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Book:  Trust & Inspire
Author:  Stephen M. R. Covey
Purchase:  PrinteBookAudiobook

Three Big Takeaways:
  1. Where the workforce is more diverse than ever before, and multiple generations have radically different expectations, we need a new way of leading. With unprecedented choices and constant change, people are unlikely to be moved by, or even tolerate, leadership that doesn't match today's world. And yet the vast majority continue to lead, parent, teach, and coach with the same Command and Control style that brought us through the industrial age. (pg. 16)

  2. A Trust & Inspire culture is the ultimate magnet for attracting top talent, because people are drawn to environments and cultures where they're trusted and free. Where they are inspired by a sense of purpose, meaning, and contribution. Anyone can offer decent pay, benefits, and standar perks. But high performers want to be where they'll be trusted and empowered. (pg. 45)

  3. In a high-trust culture, people are 32 times more likely to take a responsible risk than they are in a low-trust culture. They're also 11 times more likely to innovate and six times more likely to achieve higher performance. Trust is what enables all of this to happen. (pg. 48)


Other Key Ideas:​

The traditional hierarchical organizational structure is becoming flatter in order to push decision making down and increase speed and flexibility. (pg. 20)

As younger generations populate a larger percent of the workforce, they bring with them different experiences, perspectives, and ideas. They have different expectations of their work and of their bosses than the older generations. The social contract has changed. (pg. 21)

The remarkable growth of freelancing and the gig economy has given people more flexibility and options. Based on growth trends, some experts predict that there will be more freelancers than traditional jobholders by 2023. With this flexibility and increased choice, it's important for leaders and organizations to create the kind of culture that attracts, retains, and inspires people. (pg. 22)

All organizations must create a high-trust culture that can attract, retain, engage, and inspire the best people - and thus win the ongoing war for talent. (pg. 23)

Command & Control creates fear, and fear holds people back. People under Command & Control don't really collaborate, because collaboration requires risk, trust, and transparency. Instead, they coordinate; at best, they might be able to cooperate. You cannot Command & Control your way to collaboration. If people don't trust each other or the leadership, they simply won't collaborate. They'll hold back, giving only what is necessary. It's exhausting, slow, and expensive. With Command & Control, any innovation that occurs is nominal and incremental. There's nothing inherently wrong with that, but a lot of value is left on the table. (pg. 47)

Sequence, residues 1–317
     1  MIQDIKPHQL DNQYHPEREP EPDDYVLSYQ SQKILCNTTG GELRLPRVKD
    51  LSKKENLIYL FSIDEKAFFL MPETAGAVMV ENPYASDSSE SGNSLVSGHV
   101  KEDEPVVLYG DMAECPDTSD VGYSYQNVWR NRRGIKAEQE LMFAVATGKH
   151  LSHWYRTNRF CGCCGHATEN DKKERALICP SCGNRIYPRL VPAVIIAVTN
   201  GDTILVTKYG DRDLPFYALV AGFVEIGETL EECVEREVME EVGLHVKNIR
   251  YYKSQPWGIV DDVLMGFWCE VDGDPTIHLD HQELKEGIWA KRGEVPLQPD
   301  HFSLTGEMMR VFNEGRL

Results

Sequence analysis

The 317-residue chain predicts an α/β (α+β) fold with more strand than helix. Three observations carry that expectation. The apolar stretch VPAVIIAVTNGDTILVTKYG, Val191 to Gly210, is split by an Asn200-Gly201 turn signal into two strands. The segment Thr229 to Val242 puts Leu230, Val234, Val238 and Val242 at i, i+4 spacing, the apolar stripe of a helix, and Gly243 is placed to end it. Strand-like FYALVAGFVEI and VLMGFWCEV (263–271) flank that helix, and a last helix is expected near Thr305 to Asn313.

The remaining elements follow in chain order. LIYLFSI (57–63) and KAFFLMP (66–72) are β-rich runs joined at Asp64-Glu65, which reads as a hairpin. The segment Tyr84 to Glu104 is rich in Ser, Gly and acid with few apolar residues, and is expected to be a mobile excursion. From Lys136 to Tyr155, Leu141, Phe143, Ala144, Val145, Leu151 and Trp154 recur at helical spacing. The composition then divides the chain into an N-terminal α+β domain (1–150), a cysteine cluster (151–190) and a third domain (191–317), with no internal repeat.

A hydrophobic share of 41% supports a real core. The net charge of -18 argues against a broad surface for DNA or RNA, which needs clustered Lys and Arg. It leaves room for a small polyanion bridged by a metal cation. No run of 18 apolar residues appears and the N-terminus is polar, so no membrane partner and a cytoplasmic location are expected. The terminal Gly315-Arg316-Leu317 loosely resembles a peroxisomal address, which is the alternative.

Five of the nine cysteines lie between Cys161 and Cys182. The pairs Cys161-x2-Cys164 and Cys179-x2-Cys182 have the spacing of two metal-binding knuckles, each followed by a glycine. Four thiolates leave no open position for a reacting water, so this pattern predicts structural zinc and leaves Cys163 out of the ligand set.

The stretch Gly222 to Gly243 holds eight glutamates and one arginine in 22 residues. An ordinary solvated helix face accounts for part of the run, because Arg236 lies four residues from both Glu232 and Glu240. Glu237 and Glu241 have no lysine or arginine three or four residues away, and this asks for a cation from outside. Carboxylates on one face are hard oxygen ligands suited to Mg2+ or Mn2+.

Trust permeates every aspect of Yuan's leadership. He is known for his commitment to speed, calling it the "primary weapon" entrepreneurial companies have. But to get speed, the pivotal factor is trust. "Without trust, we have no speed," Yuan maintains. "With trust, we move fast. That's why trust is everything." (pg. 50)

Command & Control style bosses are not bad bosses. However, bosses who operate with a Command & Control philosophy prevent organizations from reaching their full potential. (pg. 55)

Trust & Inspire leaders stand out. We feel different around them than we do around other leaders. It is exciting and exhilarating to be led by someone like this. Working with such a person isn't like working with other people. The difference is palpable. Why do we feel differently? It is because leaders like this think and behave differently. We want to be better because of the way they treat us, how they speak to us, what they expect of us, and what they see in us. They ask for our opinion and listen to what we say. (pg. 80)

Command & Control leaders think if you get some, I get less. If you succeed, my success is diminished. This scarcity mindset leads to jealousy and an unwillingness to work with others, let alone recognize their success. They don't look for the talents or positive attributes in others unless it serves them in some way. And even then, leaders can feel threatened if the talents of their people exceed their own. Trust & inspire leaders operate with an abundance mentality. When we operate with an abundance mentality, jealousy dissipates. People become eager to work with others. They look for opportunities to celebrate the people around them because they genuinely care for others and their well-being. (pg. 89)

While an abundance mindset is all about caring for others, a scarcity mindset is about caring for yourself and competing with others. Scarcity convinces you that there's only so much to go around. Abundance means there is plenty for everyone. An abundance mentality flows out of a deep inner sense of personal worth and security. It leads to a natural desire to elevate caring above competing. (pg. 90)

A continued display of credibility helps others build confidence in you. And credibility is crucial in today's world. As Barry Bellaford said, "Leadership is not a popularity contest; it's a credibility contest." It's better to be trusted than to be liked. (pg. 101)

Some people have high levels of humility but lack courage. These people care about relationships but often don't have all the will to correct people when they're wrong or give critical feedback. Some leaders are humble enough to recognize their team has become dysfunctional, but they are too fearful of confronting team members about what needs to change. Such team leaders are often more concerned with being liked than in doing what is right. (pg. 105)

Humility is widely misunderstood today; it is often seen as weak, soft, timid, and passive - the opposite of what real leadership is. In truth, humility is enormously strong, firm, courageous, and active - the very essence of leadership. A humble person is more concerned about what is right than being right, about acting on good ideas than having the ideas, about recognizing contribution rather than being recognized for making it. (pg. 106)